Renewable energy resources can possibly provide effective sustainable energy solutions. However, the application of solar energy for power generation purposes is not currently competitive with conventional fossil fuel systems.
A recent academic study compared the solar aided power generation (SAPG) solution with that of a similar-sized stand-alone concentrating solar power (CSP) plant in the South African context. The objective was to determine the real advantages of these technologies, if any.
To determine the performance of the two types of RE technology, the study simulated a solar aided power generation (SAPG) plant at Lephalale, Limpopo province and compared it with a model of a stand-alone concentrating solar power (CSP) plant near Upington, Northern Cape.
Solar-aided Power Generation
The integration of solar thermal collectors into conventional fossil plants, or SAPG, has proven a viable solution to address the intermittency of power generation and combines the environmental benefits of solar power plants with the efficiency and reliability of fossil power plants.
The basis of SAPG technology is to use solar thermal energy to replace the bled-off steam in regenerative Rankine power cycles. The increased steam output then enables additional power generation from the turbine (solar boosting mode) or fuel consumption can be reduced (fuel saver mode).
The temperature of the heat source is one of the major defining factors of a power plant — higher temperature results in higher overall power plant efficiency. With SAPG, the heat source temperature is not limited by the solar input temperature and is therefore an effective means of utilising low or medium solar heat (250oC) for power generation. However, internationally the adoption of the technology has been slow, despite it being a viable and quick means of CO2 emission reduction.
The study was conducted on a simulated SAPG power plant at Lephalale, which was based on a generic 600-MW electric subcritical fossil power plant with a reheater and regenerative rankine cycle with two low pressure feedwater heaters (FWH) downstream of the deaerator and three high-pressure FWHs upstream.
CSP plants convert the sun’s rays into high-temperature heat using various mirror configurations. This thermal energy is converted to mechanical energy with a heat engine (for instance a steam turbine) and ultimately to electricity utilising a generator.
The plants consist of two parts: one that collects solar energy and converts it to heat, and another that converts heat energy to electricity. Thermal energy storage is a possible addition which accommodates dispatachable power — a drawcard for solar thermal amongst renewable energy resources.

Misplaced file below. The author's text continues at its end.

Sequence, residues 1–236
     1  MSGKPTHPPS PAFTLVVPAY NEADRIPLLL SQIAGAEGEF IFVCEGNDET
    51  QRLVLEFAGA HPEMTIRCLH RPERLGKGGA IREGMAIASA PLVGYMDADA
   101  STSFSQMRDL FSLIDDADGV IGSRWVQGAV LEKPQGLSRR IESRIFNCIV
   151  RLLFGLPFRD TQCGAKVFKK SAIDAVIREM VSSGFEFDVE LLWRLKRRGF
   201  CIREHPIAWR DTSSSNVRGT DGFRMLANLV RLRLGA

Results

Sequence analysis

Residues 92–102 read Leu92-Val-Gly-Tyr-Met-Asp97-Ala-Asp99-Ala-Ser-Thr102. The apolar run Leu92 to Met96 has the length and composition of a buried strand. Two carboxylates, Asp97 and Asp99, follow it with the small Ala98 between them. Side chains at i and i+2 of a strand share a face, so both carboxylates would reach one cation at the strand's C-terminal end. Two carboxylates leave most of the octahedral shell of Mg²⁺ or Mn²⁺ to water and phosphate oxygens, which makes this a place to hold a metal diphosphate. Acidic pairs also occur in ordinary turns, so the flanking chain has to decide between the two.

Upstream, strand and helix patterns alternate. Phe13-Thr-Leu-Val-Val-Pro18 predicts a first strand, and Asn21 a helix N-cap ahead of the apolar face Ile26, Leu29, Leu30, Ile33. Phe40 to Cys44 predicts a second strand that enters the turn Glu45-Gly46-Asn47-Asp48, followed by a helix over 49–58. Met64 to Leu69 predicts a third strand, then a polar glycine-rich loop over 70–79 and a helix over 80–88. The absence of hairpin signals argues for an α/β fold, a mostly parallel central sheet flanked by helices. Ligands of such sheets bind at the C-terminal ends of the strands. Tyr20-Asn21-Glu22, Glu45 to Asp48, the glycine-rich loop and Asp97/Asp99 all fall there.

For the study, the plant was simulated in the solar booster mode, which has proven to produce more rewarding and stable results than fuel saving mode.
The following components, which are standard to power plants with steam turbines, were integrated into a whole-plant model:
With the above components, a sequential approach was followed and heat and mass balances were performed with efficiency analyses.
SAPG and CSP comparison
The case study compares a SAPG plant in Lephalale, home to the Matimba and under-construction Medupi coal-fired power stations, with a CSP plant near Upington, a very good solar resource area. In order to make a direct comparison with the SAPG, the solar field for the CSP plant was unaltered — actual aperture area of 80,000 m2 was used, equating to around 50-MW thermal peak capacity. No thermal energy storage was considered.
Annual simulations at a conventional North-South orientation were performed. Parabolic trough collectors are the most mature concentrating solar technology and was used for the simulations. The selection of suitable solar collector technology is outside the scope of this study.
Furthermore, the same power block specifications were used for both plants. From a SAPG perspective this can be seen as being conservative.
The stand-alone CSP plant is a complete plant, including solar field, power block and balance of plant, while the SAPG is essentially a solar field integrated into a power plant. The National Renewable Energy Laboratory developed a component-based cost model for parabolic trough solar power plants for use with Systems Advisor Model (SAM). From this database, the cost of SAPG was extracted as 72 percent of that of a stand-alone CSP system (solar multiple of 1.1 with no storage).
While the solar resource at Upington, in terms of annual total Direct Normal Irradiation, is 20 percent higher than at Lephalale, the study found that:
The innovative concept of SAPG allows conventional coal-fired power stations the ability to generate renewable electricity. The integration of solar energy into conventional power stations provides a viable solution to overcoming the many legislative and cost-related issues of implementing large scale renewable energy.